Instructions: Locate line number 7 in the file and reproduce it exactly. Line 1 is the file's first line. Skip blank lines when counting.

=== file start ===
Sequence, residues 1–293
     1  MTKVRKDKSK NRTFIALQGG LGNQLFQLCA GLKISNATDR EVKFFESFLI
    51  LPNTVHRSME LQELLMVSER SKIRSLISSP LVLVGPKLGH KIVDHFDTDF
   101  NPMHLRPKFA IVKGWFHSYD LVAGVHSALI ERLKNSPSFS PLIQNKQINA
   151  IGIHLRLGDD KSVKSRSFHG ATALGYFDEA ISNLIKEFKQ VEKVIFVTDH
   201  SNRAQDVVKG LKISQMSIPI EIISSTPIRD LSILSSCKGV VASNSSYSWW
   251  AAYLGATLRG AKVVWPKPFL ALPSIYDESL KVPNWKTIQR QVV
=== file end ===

   251  AAYLGATLRG AKVVWPKPFL ALPSIYDESL KVPNWKTIQR QVV